Their habitats, markings, and behaviors. On Twitter @RevoltingSnacks.

Waffy Wafer Roll


Description. The dollar-store version of the Pepperidge Farm Pirouette — a rolled wafer cookie filled with an oversweetened sludge that vainly aspires to a career in cake frosting — the Waffy Wafer Roll is, well, weird.

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E.L. Fudge Double Stuffed Cookies

Description. We suppose we could praise the Keebler Corporation’s restraint in not describing the product as “simply packed with fudge!”, but we will not, as everything else about an E.L. Fudge Double Stuffed cookie is annoying; creepy; twee; fecal; or a horrifying combination of all of these.

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Keebler Cinnamon Roll Cookies (Caramel Pecan)

Description. A visual hybrid of a classic Entenmann’s chocolate-chip cookie and the cinnamon roll promised by the name, the CRC is distinguished primarily by the intensity of its odor. Dr. Barkenbush furnished the samples in two Ziploc bags, themselves within a USPS Priority Mail box sealed with packing tape; the cookies still managed to suffuse the lab’s entryway with the jackhammer scent of Cinnabon (a co-brander of this cookie venture).

Each cookie is festooned with pointedly random stripes of caramel — or so it appeared through eyes made watery by ersatz-pecan fumes.

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Berry Burst Ice Cream Oreos

Description. To what could the nominal burst refer? Not to genuine berry, we can confidently inform you; possibly an “into tears” was stricken from the copy by the marketing department. Or a reference to a dam of Barbie-tinted carcinogens.

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Spring Oreos

Description. The snack world already had a perfectly adequate “spring” Oreo. We called it “the Oreo,” and between Double-Stufs, Golden Oreos, the Oreos with the Thin-Mints-esque coating, the chocolate Oreos, the other 3,283 niche flavors, and the ability of most seasonally concerned gourmands to walk outside with a famous original Oreo on an April afternoon and eat it amongst the bees and blooms, the market did not seem to cry out for a specially branded sandwich cookie in addition to pre-existing products.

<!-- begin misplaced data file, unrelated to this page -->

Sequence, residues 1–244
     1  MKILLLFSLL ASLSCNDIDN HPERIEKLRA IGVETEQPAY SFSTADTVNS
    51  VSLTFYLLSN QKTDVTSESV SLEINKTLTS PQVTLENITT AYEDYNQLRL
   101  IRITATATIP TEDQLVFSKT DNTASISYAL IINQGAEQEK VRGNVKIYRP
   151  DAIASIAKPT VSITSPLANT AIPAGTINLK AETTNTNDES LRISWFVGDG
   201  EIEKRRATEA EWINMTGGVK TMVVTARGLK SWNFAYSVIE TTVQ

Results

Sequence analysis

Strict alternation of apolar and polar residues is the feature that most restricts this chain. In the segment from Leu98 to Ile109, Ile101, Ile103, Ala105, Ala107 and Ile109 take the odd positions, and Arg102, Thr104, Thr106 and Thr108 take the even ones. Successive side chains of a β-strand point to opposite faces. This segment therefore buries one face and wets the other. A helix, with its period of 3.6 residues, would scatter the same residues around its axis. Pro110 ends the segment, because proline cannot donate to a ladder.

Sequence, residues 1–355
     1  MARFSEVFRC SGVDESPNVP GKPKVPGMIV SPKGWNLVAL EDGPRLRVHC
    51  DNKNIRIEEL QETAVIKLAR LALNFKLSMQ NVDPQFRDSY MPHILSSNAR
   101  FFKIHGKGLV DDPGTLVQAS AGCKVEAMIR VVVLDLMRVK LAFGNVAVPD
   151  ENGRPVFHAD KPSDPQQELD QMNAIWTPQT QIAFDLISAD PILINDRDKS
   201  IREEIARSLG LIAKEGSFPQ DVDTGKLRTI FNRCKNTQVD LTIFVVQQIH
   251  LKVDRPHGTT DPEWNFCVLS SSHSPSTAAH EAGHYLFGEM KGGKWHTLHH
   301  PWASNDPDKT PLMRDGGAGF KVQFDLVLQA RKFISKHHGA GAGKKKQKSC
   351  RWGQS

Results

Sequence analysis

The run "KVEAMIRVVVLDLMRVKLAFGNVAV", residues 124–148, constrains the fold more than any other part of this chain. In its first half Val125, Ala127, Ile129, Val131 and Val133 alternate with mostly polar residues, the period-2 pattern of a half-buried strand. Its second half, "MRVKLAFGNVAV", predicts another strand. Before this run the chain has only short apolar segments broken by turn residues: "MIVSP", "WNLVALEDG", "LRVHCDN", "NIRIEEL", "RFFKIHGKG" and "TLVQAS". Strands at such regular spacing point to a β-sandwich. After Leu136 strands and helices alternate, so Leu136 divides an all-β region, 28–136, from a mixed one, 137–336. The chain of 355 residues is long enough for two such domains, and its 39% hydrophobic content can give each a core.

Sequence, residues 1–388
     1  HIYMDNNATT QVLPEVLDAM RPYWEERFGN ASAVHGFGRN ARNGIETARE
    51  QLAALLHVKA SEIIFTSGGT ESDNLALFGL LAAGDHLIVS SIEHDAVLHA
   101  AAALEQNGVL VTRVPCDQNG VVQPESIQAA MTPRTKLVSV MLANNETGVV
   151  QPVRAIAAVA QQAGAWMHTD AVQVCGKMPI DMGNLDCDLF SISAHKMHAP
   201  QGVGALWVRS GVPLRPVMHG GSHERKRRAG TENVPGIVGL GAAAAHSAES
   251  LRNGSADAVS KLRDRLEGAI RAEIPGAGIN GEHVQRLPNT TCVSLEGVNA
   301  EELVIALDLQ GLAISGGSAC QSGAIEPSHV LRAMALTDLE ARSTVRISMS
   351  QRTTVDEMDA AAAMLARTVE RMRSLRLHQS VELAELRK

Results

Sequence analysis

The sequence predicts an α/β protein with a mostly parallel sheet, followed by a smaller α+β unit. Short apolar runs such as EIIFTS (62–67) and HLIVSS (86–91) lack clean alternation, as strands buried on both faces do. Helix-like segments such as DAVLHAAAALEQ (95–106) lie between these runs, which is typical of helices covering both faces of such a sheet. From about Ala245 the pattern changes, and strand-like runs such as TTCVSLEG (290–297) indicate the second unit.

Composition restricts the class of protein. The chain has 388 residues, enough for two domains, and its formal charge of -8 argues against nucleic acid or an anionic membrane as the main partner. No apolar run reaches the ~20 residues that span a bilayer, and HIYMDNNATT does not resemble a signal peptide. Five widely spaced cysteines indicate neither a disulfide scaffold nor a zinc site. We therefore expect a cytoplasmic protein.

The market almost assuredly did not cry out for said sandwich cookie to feature a filling the color of hangover urine. Half a dozen pastels available to denote spring — or, more particularly, Easter eggs — and which shade does Nabisco select? Not pink, which they might push to girls, or lavender, perfect to roll off the line again in June for Pride Weekend, or pale green (St. Pat’s) or baby blue. No, Nabisco selected yellow, and not a gentle, baby-nursery, newborn-chick yellow, but rather a hepatitis-eyeball, B-movie-creature-teeth, neglected-meth-head-dye-job yellow.

The Spring Oreo soon became known around the Foundation Campus as, well, anything but; popular monikers included “the Or-Pee-o” and “the Needle-Shareo.” But we cannot help noting that “the Spring Urino” could have overcome its unfortunate tint had Nabisco decided on a rainbow of Spring Oreo shades. Instead, the sales team evidently opted to confine variety to the cookies themselves, which come in five different designs, all equally immaterial to the Oreo experience.

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